6 February 2013

Liberia: Over 50,000 Jobs Needed Annually - Labour Chief Speaks Employment Challenges

Labour Minister Varbah Gayflor says the provision of employment opportunities in the country remains a major challenge for both government and the private sector, noting that at least 50,000 seekers were entering the job market annually.

Gayflor noted that Liberia has not developed to the level where the economy easily absorb the rising number of citizens looking for jobs annually, adding that the demand for jobs in today's Liberia was far higher than the past, a challenge she said must be collectively addressed with government in the front role.

The Minister said every year hundreds, if not thousands, of new and young graduates flood the job market seeking employment, and that most of them were educated in areas not actually providing mass employments. Thousands of others, the Labour Chief noted, were not trained or qualified to get available jobs, though they were hunting for one.

"I must admit--I am not saying, this is not even an argument, this is not a justification--we are under obligation to ensure that Liberians get jobs, and we are under obligation to ensure that that happens in this country," Gayflor told journalists last week when she officially released employment statistics for 2012.

According to the statistics new jobs created in 2012 (short and long term employments) summed up to at least 46,000.

The Minister said government exceeded her target of 20,000 jobs promised by the President when 22,981 new jobs were created in the private sector while government's own funded projects created 23,700 short-term jobs.

Labor Minister: "23,700 short-term [lasting at most six months] jobs were provided through the Government of Liberia special projects, amounting to about 50.8% of all jobs created in 2012."

Breaking down the figure, Minister Gayflor stated that 6,940 short-term jobs were created under the Youth Empowerment Program (YEP), while 15,000 short-term jobs were created under the Youth Empowerment Services and Community Work Project (YES-CWP) carried out by the Liberia Agency for Community Empowerment (LACE).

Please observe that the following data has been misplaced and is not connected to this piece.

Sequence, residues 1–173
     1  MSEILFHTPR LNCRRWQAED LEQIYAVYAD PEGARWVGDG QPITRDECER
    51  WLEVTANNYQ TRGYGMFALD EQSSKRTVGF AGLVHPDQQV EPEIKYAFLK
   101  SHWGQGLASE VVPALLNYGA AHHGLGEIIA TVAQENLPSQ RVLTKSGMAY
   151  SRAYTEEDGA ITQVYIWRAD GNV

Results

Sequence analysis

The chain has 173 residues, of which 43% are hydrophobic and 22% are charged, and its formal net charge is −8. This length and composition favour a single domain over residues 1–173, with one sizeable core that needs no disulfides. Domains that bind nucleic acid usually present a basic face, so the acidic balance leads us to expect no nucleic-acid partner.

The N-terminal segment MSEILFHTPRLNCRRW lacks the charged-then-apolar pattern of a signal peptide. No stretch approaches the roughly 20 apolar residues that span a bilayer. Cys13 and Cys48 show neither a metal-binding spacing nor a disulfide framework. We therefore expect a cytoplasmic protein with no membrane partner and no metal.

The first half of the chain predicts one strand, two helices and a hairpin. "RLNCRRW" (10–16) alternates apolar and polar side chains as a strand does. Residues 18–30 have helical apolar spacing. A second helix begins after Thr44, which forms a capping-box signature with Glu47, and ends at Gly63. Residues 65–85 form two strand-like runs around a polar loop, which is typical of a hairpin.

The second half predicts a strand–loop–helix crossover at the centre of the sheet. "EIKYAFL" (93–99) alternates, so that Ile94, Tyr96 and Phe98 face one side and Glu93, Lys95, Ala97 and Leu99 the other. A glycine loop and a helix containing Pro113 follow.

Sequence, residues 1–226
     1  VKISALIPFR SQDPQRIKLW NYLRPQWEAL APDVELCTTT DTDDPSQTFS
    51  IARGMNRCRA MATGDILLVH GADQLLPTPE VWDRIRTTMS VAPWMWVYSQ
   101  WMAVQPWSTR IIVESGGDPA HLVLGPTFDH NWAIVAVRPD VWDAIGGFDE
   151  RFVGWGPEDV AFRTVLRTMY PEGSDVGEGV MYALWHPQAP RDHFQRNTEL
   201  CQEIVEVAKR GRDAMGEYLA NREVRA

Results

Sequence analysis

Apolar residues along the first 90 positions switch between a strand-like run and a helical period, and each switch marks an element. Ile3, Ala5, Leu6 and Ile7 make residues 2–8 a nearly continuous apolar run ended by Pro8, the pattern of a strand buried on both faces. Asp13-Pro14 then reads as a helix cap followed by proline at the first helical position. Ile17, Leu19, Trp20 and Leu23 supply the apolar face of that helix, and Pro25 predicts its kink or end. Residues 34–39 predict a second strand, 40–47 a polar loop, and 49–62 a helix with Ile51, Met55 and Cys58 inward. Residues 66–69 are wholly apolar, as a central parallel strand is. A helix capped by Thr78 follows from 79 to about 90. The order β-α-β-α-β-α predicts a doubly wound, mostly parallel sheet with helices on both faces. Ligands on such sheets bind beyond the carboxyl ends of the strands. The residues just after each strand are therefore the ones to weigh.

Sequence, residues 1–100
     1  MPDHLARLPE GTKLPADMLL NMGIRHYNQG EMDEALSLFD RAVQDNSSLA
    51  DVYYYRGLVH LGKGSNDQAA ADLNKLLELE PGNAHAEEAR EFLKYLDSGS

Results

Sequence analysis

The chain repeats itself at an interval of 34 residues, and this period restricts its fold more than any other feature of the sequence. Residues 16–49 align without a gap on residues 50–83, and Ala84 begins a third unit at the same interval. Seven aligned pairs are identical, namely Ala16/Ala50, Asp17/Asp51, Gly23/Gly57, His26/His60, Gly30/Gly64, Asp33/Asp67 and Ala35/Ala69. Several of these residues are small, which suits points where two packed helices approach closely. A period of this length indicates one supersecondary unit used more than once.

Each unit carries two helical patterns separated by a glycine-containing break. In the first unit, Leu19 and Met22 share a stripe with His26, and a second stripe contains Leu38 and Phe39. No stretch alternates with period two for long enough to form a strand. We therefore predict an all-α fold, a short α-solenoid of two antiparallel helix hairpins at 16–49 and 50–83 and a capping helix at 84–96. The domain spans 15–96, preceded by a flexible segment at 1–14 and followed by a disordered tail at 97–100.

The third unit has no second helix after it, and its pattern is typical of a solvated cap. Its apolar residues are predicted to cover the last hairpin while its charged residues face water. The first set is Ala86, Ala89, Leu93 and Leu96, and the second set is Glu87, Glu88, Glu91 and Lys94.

An additional 1,760 short-term jobs were created under the CEP-II under the auspices of lace Gayflor noted, before giving statistics of new jobs provided by the private sector last year alone.

Of the 22,981 jobs recorded from the private sector, 9,378 (40%) came from major concession companies including ArcelorMittal (2,345), Firestone Liberia (1,400), Golden Veroluem (2456), China Union (654), Sime Darby (581), CICO (500), among others.

"Most of the jobs created in the private sector," the Minister furthered, "were through the contribution of small and medium size businesses."

The Minister explained that a large percent (40) of the jobs was created in the Agricultural sector followed by the wholesale and retail sector (25%) while most of those acquiring jobs in 2012 were male (74.9) basically residing in urban areas.

Minister Gayflor indicated that most of the jobs provided through government-sponsored projects were shorter and not sustainable and falls in the vulnerable employment category--jobs lasting for few days or months with no security or means to save in banks.

Gayflor stated that though the President announced a 20,000 job provision (not saying long or short term), the demand for employment was very huge, stressing, "If we are going to have a statistics of 50,000 new labor entrants each year, we are challenged."

The Minister was under serious attack for not working to ensure that jobs were provided as promised, with many pushing the Ministry to provide statistics of the number of jobs provided.